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Environment

Iowa DNR Has Found Manganese Above EPA Health Advisory In A Small Number Of Public Water Systems

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Courtesy of CDC.gov
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The DNR started collecting water samples from state’s more than 1,800 public water supply systems for manganese in July 2019 after the EPA brought up concerns with manganese turning the western Iowa city of Onawa’s water brown.

The Iowa Department of Natural Resources is making progress on testing every public water supply system in the state for a metal that can contaminate drinking water.

Manganese is an essential nutrient, but too much of it could damage a person’s nervous system. The U.S. Environmental Protection Agency doesn’t have an enforceable standard for manganese, but the agency has set recommendations for how much is too much in drinking water. The EPA’s health advisory for manganese says babies exposed to manganese in concentrations of 0.3 mg/L for more than 10 days in a year could be at risk of neurological issues. The EPA also recommends that anyone else should not drink water that has more than 1 mg/L of manganese for more than 10 days per year.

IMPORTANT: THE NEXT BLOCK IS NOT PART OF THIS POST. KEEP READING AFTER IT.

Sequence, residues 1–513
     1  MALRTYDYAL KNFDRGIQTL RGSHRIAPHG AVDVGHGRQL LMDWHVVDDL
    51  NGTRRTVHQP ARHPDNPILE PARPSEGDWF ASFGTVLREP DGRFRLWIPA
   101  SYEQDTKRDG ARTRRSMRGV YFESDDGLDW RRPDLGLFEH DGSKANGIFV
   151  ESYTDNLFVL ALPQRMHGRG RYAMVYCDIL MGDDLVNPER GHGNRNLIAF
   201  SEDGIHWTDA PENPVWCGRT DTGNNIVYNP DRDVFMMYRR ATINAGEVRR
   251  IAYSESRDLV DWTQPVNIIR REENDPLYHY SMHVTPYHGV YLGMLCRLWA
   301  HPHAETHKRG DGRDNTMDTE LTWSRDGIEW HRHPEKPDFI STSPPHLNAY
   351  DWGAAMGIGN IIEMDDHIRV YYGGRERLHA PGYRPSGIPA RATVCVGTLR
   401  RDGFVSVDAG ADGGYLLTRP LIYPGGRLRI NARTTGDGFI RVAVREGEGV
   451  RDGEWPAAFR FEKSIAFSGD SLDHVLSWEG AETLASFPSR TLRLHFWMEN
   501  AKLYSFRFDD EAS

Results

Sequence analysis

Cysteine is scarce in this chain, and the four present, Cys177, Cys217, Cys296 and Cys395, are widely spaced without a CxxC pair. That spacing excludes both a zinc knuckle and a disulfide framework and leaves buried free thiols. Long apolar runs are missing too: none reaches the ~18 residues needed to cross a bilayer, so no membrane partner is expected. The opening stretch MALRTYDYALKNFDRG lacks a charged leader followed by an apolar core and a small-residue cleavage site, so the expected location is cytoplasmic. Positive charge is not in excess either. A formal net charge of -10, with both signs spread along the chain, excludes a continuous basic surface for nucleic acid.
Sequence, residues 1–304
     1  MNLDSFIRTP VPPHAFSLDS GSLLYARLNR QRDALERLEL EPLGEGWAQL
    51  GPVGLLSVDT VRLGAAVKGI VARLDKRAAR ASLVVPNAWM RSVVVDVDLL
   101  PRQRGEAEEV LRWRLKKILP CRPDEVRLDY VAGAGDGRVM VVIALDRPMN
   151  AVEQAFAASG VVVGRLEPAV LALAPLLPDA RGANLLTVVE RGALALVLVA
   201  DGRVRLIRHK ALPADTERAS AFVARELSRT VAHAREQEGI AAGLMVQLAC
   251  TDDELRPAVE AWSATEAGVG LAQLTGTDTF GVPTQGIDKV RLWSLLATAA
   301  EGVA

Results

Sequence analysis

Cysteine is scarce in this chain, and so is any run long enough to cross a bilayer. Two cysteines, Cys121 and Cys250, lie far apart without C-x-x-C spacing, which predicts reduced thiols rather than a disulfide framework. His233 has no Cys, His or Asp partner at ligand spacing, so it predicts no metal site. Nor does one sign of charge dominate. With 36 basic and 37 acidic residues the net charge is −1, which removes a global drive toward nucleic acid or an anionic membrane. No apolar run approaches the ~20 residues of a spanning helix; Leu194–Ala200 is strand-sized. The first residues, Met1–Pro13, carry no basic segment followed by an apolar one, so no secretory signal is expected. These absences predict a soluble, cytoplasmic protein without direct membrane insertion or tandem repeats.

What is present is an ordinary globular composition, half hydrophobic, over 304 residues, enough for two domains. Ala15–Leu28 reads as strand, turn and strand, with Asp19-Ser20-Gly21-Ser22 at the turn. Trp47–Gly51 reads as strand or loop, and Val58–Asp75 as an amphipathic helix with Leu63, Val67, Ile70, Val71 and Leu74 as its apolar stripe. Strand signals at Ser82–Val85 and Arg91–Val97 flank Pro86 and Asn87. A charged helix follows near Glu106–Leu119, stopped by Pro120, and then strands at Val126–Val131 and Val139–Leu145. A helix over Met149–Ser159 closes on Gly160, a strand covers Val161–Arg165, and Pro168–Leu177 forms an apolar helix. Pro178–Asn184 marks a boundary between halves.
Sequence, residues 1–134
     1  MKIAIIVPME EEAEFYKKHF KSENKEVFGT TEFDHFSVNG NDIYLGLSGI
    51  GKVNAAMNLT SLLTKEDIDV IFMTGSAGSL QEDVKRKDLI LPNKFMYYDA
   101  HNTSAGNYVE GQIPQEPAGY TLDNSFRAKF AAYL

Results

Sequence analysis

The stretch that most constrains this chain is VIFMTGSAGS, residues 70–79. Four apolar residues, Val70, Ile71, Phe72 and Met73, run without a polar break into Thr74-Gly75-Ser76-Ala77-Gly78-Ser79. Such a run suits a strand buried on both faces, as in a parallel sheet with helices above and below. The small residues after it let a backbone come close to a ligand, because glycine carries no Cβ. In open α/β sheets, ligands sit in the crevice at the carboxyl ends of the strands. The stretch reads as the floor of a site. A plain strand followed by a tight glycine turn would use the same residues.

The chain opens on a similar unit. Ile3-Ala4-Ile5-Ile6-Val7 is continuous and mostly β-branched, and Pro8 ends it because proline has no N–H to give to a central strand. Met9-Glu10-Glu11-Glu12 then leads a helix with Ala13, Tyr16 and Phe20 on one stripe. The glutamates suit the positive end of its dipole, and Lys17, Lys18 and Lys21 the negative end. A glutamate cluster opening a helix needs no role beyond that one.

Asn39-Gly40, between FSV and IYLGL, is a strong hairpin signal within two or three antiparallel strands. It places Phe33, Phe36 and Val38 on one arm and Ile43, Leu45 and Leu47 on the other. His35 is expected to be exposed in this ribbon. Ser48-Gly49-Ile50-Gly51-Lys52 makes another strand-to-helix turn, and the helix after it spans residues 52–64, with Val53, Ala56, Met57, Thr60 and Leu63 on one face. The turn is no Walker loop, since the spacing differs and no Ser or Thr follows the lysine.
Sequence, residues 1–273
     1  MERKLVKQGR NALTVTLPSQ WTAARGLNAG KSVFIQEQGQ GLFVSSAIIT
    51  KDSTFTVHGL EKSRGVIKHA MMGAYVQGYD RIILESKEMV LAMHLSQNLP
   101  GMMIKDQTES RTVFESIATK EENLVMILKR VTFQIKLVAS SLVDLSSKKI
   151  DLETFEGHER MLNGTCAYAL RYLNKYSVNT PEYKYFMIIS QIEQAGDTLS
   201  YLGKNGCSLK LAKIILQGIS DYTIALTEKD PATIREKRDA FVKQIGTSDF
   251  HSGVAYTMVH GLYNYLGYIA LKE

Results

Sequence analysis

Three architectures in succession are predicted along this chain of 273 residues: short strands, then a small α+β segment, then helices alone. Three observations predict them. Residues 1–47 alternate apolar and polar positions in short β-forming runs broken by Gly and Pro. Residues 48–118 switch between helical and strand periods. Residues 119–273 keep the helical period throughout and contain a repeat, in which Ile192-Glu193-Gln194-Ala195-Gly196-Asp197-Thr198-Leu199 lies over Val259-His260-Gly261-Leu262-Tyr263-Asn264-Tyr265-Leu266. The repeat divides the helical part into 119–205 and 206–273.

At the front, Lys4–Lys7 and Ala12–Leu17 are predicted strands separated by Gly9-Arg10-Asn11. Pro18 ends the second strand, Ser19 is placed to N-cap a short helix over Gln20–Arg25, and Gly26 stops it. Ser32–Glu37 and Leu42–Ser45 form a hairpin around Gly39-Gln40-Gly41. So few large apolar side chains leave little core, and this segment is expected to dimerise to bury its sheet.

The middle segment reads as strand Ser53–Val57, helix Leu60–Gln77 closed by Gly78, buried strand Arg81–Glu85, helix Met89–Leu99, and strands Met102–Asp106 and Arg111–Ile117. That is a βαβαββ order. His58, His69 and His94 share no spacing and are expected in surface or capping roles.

The DNR is two years into a three-year study and roughly two-thirds of the way through sampling the state’s more-than 1,800 public water supply systems, said Corey McCoid, a water supply operations supervisor with the DNR. The environmental department has required 26 public water supply systems to tell their communities to not use their water because of manganese. Those 30 public water systems had concentrations of manganese above health advisory standards set by the EPA. McCoid said the DNR has worked with communities to remedy the problem.

“We don’t have the authority to require them to install treatment,” McCoid said, “but we can require them to let the public know that there is an issue and what some of those options are – whether they’re bottled water or what would be some of the treatment options.”

McCoid said the DNR also has funding available to help communities afford fixes to their water systems.

The DNR is finding higher concentrations of manganese in the western part of the state because of the area’s geology, McCoid said.

“We kind of knew that going into the study that we would see more in that area,” McCoid said. “But really, it does go all the way across the state and we can have them in eastern Iowa as well.”

The DNR started collecting water samples from state’s more than 1,800 public water supply systems for manganese in July 2019 after the EPA brought up concerns with manganese turning the western Iowa city of Onawa’s water brown.

The EPA looked at manganese as part of a study where the agency monitored 30 chemicals in public water supply systems around the country between 2018 and 2020. It found that more than 26,000 of nearly 38,000 results had detectable amounts of the metal.